Rchain State

This is an in-progress document started by Michael Birch (Unlicensed) which represents describes what the Rchain state is and how it is represented in the blockchain. This document ignores any details related to namespaces/sharding

The RChain state is a giant Rholang term: mostly top-level contracts that are parred together, i.e., contract foo {...} | contract bar {...} | contract baz {...} | ... | contract zzz {...}. The Rchain state will be replicated and updated through the Rchain blockchain. The genesis block contains this term explicitly, while future blocks only contain changes to this term and the hash of the complete term. Changes are inserted to this term through Deployments, which in turn will trigger communication (Comm) events (modeling the pi calculus construct where an input meets an output). The post-state of a block is the state is obtained from the parent post-state by "parring-in" the new deployments and applying the subsequent comm. events (both of which are given in the block). Term normalization, the VM transition rules, and a log of Deployments and Comm events will help the Casper consensus protocol to produce a post-state of a block that is consistent across nodes.

Structure of a Block

The block consists of three different tries: the Deployment root, the Comm event root, and the state root. These roughly correspond respectively to the Ethereum transaction root, receipts root, and state root. The state root trie is a giant key value store that maps names/channels to a tuple of continuations and lists of data (see the Storage Specification for details); i.e. it is the tuplespace. The block header includes a list of parent block hashes. The transactions in the parent blocks must not conflict with one another.

Structure of a Deployment

The Deployment has the unserialized format Deploy(<code>, <wallet details>, <rev/phlo conversion rate>) where <code> is a valid Rholang process. Let S be the current Rchain state, at the start of applying a Deploy operation, the state will be S' = S | <code>. Then Comm events are processed in S', until no further reductions are possible (quiescence). The final state after the Deploy operation, S'', is the quiescent state (i.e. all inputs/outputs are waiting for their corresponding outputs/inputs). Note that, due to the concurrent nature of Rholang, multiple Deployments could be processed at the same time.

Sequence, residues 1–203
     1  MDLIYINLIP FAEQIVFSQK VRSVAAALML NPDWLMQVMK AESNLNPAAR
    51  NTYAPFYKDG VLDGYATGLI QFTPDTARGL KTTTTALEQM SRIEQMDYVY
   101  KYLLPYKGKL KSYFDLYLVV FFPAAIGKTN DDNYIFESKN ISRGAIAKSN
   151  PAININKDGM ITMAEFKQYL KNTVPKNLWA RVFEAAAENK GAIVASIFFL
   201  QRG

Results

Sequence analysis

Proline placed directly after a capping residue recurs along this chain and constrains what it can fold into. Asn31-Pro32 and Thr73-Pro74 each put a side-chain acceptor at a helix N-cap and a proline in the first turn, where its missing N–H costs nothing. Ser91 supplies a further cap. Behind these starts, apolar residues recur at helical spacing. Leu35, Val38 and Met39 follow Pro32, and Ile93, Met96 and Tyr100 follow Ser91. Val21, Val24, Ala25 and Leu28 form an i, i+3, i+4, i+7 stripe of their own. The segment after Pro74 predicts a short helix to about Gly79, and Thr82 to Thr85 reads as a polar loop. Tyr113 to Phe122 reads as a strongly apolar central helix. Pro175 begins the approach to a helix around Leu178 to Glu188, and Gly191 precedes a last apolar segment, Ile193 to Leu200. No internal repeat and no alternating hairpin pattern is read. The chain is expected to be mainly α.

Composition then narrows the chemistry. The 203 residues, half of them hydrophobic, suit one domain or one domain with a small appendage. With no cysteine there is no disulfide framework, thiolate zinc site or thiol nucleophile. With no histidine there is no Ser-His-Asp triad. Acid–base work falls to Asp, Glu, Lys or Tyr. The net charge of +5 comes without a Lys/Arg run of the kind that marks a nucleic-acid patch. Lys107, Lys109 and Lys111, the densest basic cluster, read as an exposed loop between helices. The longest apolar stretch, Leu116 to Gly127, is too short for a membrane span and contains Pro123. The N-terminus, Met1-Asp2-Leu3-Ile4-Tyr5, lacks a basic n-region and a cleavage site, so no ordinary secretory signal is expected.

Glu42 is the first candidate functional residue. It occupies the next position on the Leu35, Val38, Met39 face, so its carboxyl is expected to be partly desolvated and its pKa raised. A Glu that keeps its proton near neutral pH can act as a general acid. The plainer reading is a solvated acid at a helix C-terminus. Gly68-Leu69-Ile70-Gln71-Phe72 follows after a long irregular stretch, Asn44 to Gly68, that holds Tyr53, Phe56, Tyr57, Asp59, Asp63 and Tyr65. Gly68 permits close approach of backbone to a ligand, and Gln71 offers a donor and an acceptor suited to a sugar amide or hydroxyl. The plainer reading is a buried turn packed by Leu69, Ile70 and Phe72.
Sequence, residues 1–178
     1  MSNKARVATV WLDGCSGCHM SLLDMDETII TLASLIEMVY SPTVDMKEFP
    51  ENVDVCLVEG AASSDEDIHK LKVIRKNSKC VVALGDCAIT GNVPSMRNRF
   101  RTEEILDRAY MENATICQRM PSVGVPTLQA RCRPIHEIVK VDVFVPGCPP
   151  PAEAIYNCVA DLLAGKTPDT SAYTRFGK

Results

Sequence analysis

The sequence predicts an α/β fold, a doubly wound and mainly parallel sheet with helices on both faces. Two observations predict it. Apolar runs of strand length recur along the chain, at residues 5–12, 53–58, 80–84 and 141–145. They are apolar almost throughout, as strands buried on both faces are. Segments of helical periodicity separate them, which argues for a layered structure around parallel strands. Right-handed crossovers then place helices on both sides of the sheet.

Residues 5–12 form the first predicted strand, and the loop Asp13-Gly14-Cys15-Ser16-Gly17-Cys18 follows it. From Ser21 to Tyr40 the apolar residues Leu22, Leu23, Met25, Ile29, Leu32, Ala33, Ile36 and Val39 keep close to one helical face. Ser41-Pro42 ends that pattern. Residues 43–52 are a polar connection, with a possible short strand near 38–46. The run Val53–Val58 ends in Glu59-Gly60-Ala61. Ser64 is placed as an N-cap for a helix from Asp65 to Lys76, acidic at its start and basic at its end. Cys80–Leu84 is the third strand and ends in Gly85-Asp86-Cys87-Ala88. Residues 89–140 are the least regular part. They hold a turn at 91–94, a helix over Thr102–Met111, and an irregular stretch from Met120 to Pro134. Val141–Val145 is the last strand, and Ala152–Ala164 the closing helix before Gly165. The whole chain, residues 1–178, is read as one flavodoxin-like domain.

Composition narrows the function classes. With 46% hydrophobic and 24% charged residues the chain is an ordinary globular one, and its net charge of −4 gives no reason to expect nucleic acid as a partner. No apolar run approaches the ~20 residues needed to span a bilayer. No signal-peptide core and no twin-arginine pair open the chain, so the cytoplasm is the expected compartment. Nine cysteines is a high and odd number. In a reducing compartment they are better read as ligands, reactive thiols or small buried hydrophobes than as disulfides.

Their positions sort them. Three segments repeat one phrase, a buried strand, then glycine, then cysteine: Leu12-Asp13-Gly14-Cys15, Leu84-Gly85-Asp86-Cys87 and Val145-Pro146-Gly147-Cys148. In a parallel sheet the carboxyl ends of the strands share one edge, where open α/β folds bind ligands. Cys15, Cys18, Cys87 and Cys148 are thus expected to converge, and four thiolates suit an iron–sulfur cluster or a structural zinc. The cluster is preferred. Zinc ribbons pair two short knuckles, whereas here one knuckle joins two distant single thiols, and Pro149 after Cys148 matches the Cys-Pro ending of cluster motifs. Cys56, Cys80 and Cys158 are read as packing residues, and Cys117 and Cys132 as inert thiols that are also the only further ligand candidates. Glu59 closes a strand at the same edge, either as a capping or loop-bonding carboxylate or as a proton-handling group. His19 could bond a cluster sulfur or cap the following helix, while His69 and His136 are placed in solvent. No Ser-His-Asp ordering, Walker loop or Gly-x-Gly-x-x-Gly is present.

The details of payment for computation will be in another document (link? Joseph Denman).

Retrieving the Rchain State

Any client that has been online since the genesis block will have the an independently verified full copy of the state. If a client joins in the future, they will need to ask out of protocol who the current validators are, ask for some blocks to determine the current root state hash, ask for the current state itself, and verify that the state they received matches the current root state hash.

Tokens on RChain

Introduction to Purses

Tokens on RChain (in particular Rev) will be managed by decentralized purses as opposed to ERC20-style maps with IDs as keys and balances as values. This is for scalability reasons, as a global single resource (like the map object needed for ERC20) requires locking to modify (if consistency is to be maintained that is), thus introducing a bottleneck in processing transactions. A purse will only be able to carry tokens of a single mint (e.g. Rev purses will be different from purses which hold a different, user created, token type). A purse instance will allow the following methods:

  • getBalance() – return the number of tokens in the purse
  • sprout() – create a new purse (of the same mint) containing 0 tokens
  • getDecr() – return the function used to decrease the balance of the purse (necessary for the transfer functionality used in the deposit function)
  • deposit(amount, src) – increase the number of tokens in this purse by transferring amount tokens from src, with the restriction that this and src be of the same mint and 0 <= amount <= src.getBalance.